You’re very active Tweeters! Has the relationship between the band and its fans changed as a result?
I think we’ve always been quite good at trying to keep in touch with the folk who come and see us or buy the records. I guess as ways to keep fans up to date with what you’re up to evolve, it’s nice to be on top of them. We do like to have active myspace, facebook and twitter things going on as well as the band website. And for those people not keen on technology, we still keep the snail mail PO Box alive so folk can correspond to us in the old fashioned way.
We hear the band have recently given up their jobs to pursue the band full-time. How easy has it been to adapt to being a full-time band?
It’s been great for us. We’ve been through long period of basically being full-time, but also trying to juggle full and part-time jobs on top of the band, that’s the hard thing. Being full-time with the band and not having to fit in another job on top is fantastic. We actually get to sleep sometimes now.
What music are you enjoying at the moment?
The new M Ward album has been enjoyed by the band. We’re loving playing with Agent Ribbons who have been supporting us in the States this tour, we’d highly recommend checking them out, and we’re looking forward to playing with Anni Rossi on the second leg of the trip, we really enjoyed playing with her recently in New York.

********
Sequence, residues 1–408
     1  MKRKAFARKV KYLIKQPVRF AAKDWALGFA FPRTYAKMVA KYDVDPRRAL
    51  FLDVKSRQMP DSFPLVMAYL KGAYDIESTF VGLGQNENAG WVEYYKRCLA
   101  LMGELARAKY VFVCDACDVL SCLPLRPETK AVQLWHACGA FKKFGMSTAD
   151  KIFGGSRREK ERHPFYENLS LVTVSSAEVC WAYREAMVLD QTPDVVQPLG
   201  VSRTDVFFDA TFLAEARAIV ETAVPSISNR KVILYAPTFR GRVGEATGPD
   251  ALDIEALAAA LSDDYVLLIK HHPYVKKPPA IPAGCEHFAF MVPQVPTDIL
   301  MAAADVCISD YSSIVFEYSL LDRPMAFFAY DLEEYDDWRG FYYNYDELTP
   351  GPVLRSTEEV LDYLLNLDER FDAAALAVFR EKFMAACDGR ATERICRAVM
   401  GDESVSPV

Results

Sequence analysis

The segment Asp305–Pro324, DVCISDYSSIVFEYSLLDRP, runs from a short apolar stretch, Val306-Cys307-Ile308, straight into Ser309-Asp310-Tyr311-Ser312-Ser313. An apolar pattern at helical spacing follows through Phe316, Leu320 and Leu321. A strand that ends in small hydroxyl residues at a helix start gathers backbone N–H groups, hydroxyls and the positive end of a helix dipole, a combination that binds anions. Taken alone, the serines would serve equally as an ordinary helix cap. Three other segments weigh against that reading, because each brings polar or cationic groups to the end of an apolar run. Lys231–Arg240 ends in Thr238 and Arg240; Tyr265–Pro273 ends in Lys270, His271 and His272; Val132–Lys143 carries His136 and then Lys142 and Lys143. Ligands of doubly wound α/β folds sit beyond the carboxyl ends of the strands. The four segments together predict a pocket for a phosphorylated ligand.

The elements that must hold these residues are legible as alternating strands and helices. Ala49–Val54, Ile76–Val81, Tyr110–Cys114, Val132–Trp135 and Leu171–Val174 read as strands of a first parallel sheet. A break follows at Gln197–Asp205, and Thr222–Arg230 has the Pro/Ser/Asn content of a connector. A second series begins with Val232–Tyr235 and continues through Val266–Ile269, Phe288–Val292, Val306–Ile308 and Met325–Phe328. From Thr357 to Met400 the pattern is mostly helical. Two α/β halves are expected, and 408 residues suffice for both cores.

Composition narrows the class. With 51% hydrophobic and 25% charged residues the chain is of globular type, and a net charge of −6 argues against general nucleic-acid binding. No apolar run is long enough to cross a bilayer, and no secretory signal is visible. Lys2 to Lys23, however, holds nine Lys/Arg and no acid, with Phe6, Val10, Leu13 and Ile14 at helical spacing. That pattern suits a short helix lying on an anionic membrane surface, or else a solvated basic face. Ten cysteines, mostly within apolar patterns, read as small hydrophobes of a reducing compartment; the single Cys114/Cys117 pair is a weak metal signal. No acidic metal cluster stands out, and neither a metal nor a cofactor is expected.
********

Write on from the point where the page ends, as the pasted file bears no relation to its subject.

What attracted the band to play the Indietracks festival?
It’s such a great grassroots festival, organized by people who have a real love of the bands they ask to play, and the people that go to the festival are real music fans, the atmosphere is relaxed and friendly plus you get a go on the steam trains. Who wouldn’t want to play. We were disappointed not to have been able to play the last couple of years, but band weddings and pre-booked Spanish festivals meant we weren’t able to. I did come down to DJ at the Christmas event in 2007, which was great fun. We’re really looking forward to getting down and having a hang about.
Do you approach playing at festivals in a different way to other gigs?
I guess you have to a wee bit. I think we’ve got better at festival sets over the past couple of years, you don’t want it to be all upbeat fast pop songs, you like a bit of variety, but it makes sense at festivals to build a set round the songs you know the people who like you really want to hear, and people who maybe don’t know are going to enjoy hearing for the first time.
What’s the most unusual place you’ve played a gig in the past?
It’s got to be the venue we played in Mexico City in 2007, the Polyforum. We played inside the world’s largest mural, which was pretty amazing as a backdrop all round us, and we hadn’t really known what to expect when we arrived, and the place was rammed to the rafters, so a fantastic night was had by all.
Thanks Gavin – look forward to seeing you at the festival!